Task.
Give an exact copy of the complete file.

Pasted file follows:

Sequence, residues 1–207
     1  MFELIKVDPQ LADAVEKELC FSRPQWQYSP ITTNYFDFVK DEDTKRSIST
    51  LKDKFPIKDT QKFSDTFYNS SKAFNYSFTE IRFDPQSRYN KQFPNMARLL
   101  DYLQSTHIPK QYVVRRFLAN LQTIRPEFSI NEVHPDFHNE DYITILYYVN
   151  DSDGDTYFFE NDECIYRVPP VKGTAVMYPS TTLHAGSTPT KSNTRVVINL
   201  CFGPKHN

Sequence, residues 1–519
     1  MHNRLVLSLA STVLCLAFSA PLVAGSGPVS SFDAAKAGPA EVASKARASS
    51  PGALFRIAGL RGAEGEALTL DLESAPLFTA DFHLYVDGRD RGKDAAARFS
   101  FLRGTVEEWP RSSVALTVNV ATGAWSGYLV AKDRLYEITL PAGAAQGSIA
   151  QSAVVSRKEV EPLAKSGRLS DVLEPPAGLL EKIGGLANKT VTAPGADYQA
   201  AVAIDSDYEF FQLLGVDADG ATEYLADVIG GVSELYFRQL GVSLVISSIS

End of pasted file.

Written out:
Sequence, residues 1–207
     1  MFELIKVDPQ LADAVEKELC FSRPQWQYSP ITTNYFDFVK DEDTKRSIST
    51  LKDKFPIKDT QKFSDTFYNS SKAFNYSFTE IRFDPQSRYN KQFPNMARLL
   101  DYLQSTHIPK QYVVRRFLAN LQTIRPEFSI NEVHPDFHNE DYITILYYVN
   151  DSDGDTYFFE NDECIYRVPP VKGTAVMYPS TTLHAGSTPT KSNTRVVINL
   201  CFGPKHN

Sequence, residues 1–519
     1  MHNRLVLSLA STVLCLAFSA PLVAGSGPVS SFDAAKAGPA EVASKARASS
    51  PGALFRIAGL RGAEGEALTL DLESAPLFTA DFHLYVDGRD RGKDAAARFS
   101  FLRGTVEEWP RSSVALTVNV ATGAWSGYLV AKDRLYEITL PAGAAQGSIA
   151  QSAVVSRKEV EPLAKSGRLS DVLEPPAGLL EKIGGLANKT VTAPGADYQA
   201  AVAIDSDYEF FQLLGVDADG ATEYLADVIG GVSELYFRQL GVSLVISSIS